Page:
Level 3 dancer, Alina Slotwinski, makes it a point to carry a bag that reminds her to stay organized. Cultivating an art has been shown to inspire the flow of creativity and deeper thinking—leading dancers, for example, to constantly find new ways to approach the technical skills and roles they learn. To keep those invaluable ideas and important notes orderly and easily accessible, she always carries a notebook. That same method applies to her apparel. Alina keeps her dance wear and street wear separate by using a simple household item: “when I bring an extra pair of street shoes in my bag, I put them into a plastic shower cap.”
Expecting the Unexpected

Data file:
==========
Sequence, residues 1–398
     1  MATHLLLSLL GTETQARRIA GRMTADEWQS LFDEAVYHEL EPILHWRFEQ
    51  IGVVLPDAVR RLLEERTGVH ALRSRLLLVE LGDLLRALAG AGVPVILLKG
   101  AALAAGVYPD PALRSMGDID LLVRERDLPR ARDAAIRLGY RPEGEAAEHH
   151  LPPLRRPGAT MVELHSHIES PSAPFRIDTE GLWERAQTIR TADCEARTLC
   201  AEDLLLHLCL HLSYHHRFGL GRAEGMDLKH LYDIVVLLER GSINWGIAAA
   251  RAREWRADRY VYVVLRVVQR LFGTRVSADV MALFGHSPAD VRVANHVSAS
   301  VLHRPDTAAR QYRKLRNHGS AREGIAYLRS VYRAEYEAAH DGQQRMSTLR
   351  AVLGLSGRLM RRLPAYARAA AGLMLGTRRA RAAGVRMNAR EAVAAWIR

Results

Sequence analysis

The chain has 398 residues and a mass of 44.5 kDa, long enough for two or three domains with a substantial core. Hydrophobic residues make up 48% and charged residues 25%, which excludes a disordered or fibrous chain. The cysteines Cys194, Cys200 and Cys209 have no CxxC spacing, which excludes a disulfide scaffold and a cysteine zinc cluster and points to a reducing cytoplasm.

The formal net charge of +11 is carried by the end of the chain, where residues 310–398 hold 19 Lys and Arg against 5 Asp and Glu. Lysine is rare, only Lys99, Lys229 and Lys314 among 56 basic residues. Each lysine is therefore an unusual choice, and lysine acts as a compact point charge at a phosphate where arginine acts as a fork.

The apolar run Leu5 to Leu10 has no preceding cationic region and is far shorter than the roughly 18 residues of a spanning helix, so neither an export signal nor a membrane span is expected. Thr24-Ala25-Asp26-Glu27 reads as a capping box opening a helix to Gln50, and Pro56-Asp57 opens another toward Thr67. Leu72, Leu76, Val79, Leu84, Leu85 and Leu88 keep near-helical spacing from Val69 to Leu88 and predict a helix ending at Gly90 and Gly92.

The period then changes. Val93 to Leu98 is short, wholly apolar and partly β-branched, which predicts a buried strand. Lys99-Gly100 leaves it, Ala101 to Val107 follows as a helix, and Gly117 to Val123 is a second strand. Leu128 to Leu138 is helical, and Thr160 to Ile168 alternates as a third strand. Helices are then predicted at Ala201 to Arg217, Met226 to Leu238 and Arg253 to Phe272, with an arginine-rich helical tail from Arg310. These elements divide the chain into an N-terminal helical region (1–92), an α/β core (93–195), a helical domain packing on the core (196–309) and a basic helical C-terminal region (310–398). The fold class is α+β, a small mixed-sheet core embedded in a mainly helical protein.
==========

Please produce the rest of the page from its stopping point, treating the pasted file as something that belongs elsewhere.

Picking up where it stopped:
Level 4 dancer Bridget Quinn’s bag holds all the things you never thought you needed. She takes some time to think about the less obvious items while packing her bag. For example, what would you reach for if you had stitch up some point shoes in a cinch and didn’t have pre-cut ribbons? “People always look for scissors, I have scissors.” In this case, everything but the kitchen sink comes in handy. Remember, however, to go through your bag every few days or so and reconsider what you truly need and don’t need. Staying on top of your inventory will ensure that when you find yourself frantically looking for those scissors, the ‘pointe shoe dye you needed for that photo-shoot that one time’ wont get in the way of your search.